You can outwit the time bandits

I still remember how I felt as the noisy train rumbled down the track and came to a screeching stop in front of the Lowville station. In one way, I was full of excitement. But at the same time, I felt very sad.
Excited, because I was leaving for my first year of college. Sad, because I only had recently celebrated my 16th birthday and didn’t know how I would survive for three-and-a-half months with my parents 500 miles away.
Fortunately, I loved college life and the state of Virginia. And I soon forgot my initial loneliness.
I made good friends the first year. But the second year, I had an especially close group of friends—two from Virginia and one from Washington, D.C.
As natives of the area, my friends enjoyed showing me the historic sights. I saw the Smithsonian Institution for the first time and listened in on a Senate session with Vice-President Harry Truman presiding.
I was entertained in an old Virginia mansion and shown around the Charlotte University campus where Edgar Allen Poe wrote “The Raven” in 1845.
My friends and I shared our disappointments and our dreams. That was a special year and we all hated to see it end. Promising to write to each other and see each other when we could, we all left with tears in our eyes.
Since that time, I’ve seen Evelyn only once. I overlapped with Hilda at a different college three years later. Helen died 10 years ago after a 30-year battle with multiple sclerosis.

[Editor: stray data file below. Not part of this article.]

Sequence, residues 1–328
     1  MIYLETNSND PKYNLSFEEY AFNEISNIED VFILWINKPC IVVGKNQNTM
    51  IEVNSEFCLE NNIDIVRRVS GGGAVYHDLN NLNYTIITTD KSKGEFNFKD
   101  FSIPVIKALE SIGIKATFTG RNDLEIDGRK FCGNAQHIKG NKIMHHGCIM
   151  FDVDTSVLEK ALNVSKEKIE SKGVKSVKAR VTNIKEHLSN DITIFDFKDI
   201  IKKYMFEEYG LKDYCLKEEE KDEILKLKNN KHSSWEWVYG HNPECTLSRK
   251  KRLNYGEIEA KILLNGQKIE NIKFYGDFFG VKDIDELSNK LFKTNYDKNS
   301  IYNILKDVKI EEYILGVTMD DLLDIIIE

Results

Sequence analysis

And my parents, who stood at the train station to see me off to college, are both gone.
Sometimes it seems that time is a bandit, writes Amy Dean in her book, “Growing Older, Growing Better.”
“A heartless bandit that steals your valuable jewels of seconds, minutes, and hours and hides them so well that you can never retrieve them,” she notes.
Time robs us of good friends and our parents. Time robs us of health and our jobs. Time robs us of our children as they move to faraway places.
“Time bandits have existed since the beginning of life. But their thefts may have only recently become more evident to you because you see the large accumulation of yesterdays and realize how quickly your todays are flying by,” explains Dean.
But there’s no reason to be overwhelmed by the passing of time. In Dean’s inspirational book of daily meditations, she offers advice on how to outwit the time bandits.
“Trying to hold on to time . . . or lamenting the things you can no longer do because of the passage of time can never get you more time or restore that which you once had.
“Time can’t be protected, set aside for later, watched over, or hoarded,” writes Dean. “From now on, cease agonizing over the passage of time: time’s going to move on.”
The only way to beat the time bandits is to make the most of the time you have. Spend your time enjoying your time!
So every day, do the most important things first. Be nice to people. Have fun with your family and friends. Consciously celebrate each new moment and the adventures it brings, and learn to get the most out of time as it passes by.
Marie Snider is an award-winning health care writer and syndicated columnist.

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